The Section of Infectious Diseases has a strong faculty with diverse clinical and research interests and substantial NIH funding. It has a shared faculty with the School of Public Health and Tropical Medicine and the Center for Infectious Diseases, which broadens the section and encourages collaborations. The clinical infectious diseases service offers a rich clinical experience for resident and fellowship training. The fellowship is a joint program with the LSU School of Medicine and Children's Hospital of New Orleans, encompassing the major pediatric inpatient services in New Orleans and a diverse outpatient experience. The Section participates in the Department of Tropical Medicine, the Center for Infectious Diseases and the Center for Evidence Based Global Health providing ample opportunity for experience in international health and tropical medicine.
Russell Van Dyke, MD
Dr. Van Dyke is Professor and head of the Section of Pediatric Infectious Diseases. His research interests include pediatric HIV, clinical virology and antiviral chemotherapy. He directs the Tulane/LSU Pediatric AIDS Clinical Trials Unit which received its 16th year of NIH funding this year. He is principal investigator of the Coordinating Center of the NIH-funded Pediatrics HIV/AIDS Cohort Study (PHACS), a multi-centered longitudinal cohort study of HIV-infected and HIV-exposed infants and children. Dr. Van Dyke is also the site PI for the PHACS SMARTT study of safety in in utero exposure to antiretroviral agents.
Richard Oberhelman, MD
Dr. Oberhelman is an Associate Professor of Clinical Pediatrics, and Professor and Acting Chair, Department of Tropical Medicine, Tulane School of Public Health and Tropical Medicine. He has active NIH-funded clinical research programs in Peru focusing on enteric infections, pediatric tuberculosis, and malnutrition. Current research projects involve new diagnostic methods for pediatric tuberculosis and clinical trials on probiotics for diarrheal diseases in Peruvian children. He is also PI of the Tulane-Xavier Minority Health International Research Training grant, which places minority students from the two universities with short term international research projects in seven countries, under the direction of US mentors from Tulane and overseas faculty mentors. Dr. Oberhelman is the Program Director of the MPH & TM degree program and the Diploma Course in Clinical Tropical Medicine. He serves as advisor for doctoral students, MPH students, and medical students in the combined M.D./MPH & TM program.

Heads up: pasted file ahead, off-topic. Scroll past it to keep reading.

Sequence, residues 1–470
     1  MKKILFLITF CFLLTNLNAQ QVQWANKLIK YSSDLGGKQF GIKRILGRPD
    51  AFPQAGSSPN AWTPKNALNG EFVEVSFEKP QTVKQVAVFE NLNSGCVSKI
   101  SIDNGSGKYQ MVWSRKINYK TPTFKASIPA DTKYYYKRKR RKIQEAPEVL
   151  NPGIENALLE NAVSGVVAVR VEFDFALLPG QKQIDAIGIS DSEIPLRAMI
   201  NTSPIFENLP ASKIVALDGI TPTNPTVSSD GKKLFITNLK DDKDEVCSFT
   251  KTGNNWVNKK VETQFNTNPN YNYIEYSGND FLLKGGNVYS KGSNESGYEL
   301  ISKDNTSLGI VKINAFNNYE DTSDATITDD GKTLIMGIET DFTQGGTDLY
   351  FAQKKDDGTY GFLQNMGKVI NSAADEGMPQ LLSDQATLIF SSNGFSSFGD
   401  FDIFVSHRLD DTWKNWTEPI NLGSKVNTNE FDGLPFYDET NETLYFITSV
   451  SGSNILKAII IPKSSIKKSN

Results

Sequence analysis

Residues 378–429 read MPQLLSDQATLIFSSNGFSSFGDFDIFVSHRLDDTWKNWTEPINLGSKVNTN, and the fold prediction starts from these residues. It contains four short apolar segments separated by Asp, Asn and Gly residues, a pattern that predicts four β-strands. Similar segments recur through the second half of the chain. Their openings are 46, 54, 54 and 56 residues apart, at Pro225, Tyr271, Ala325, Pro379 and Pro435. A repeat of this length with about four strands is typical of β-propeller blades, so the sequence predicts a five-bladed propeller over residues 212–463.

James Robinson, MD
Dr. Robinson is a Professor of Pediatrics. He has an active NIH-funded laboratory program focusing on defining and characterizing envelope glycoprotein epitopes of HIV-1, HIV-2, SIV and dengue virus utilizing human and rhesus monoclonal antibodies. He has a program to develop an HIV vaccine. Dr. Robinson is the Program Director of the Tulane / LSU Joint Fellowship Training Program in Pediatric Infectious Diseases.
Maggie Silio, MD
Dr. Silio is an Associate Professor of Clinical Pediatrics. She is an active investigator within the Tulane/LSU Pediatric AIDS Clinical Trials Unit and site PI of the Pediatric HIV/AIDS Cohort Initiative (PHACS) Adolescent Master Protocol. Dr. Silio is a member of a national TB consortium funded by the NIH to design, implement and evaluate programs to strengthen TB curriculum in US schools. Her clinical interests include HIV/AIDS, tuberculosis, tropical medicine, travel medicine, and immunizations.
John Schieffelin, MD
Dr. Schieffelin has a joint appointment in the Section of Infectious Diseases of both the Department of Pediatrics and the Department of Internal Medicine. His main research interest involves antigen-antibody interactions. Specifically, he is interested in the role human monoclonal antibodies play in secondary dengue virus infection and in antibody dependent enhancement of viral infections.
Patricia Sirois, PhD
Dr. Sirois is a licensed Developmental Psychologist and Research Assistant Professor of Pediatrics. She is an active investigator in the PHACS, PACTG/IMPAACT, and ATN research networks studying pediatric HIV disease and co-investigator in a national study of infants born to mothers infected with West Nile Virus during pregnancy. Her research interests include the influence of chronic illness on child development, medication adherence, and side effects of medications used to treat attention and behavior problems in children with HIV. Her clinical interests include assessment and intervention for developmental, learning, social-emotional, and behavioral problems in infants, children, and adolescents.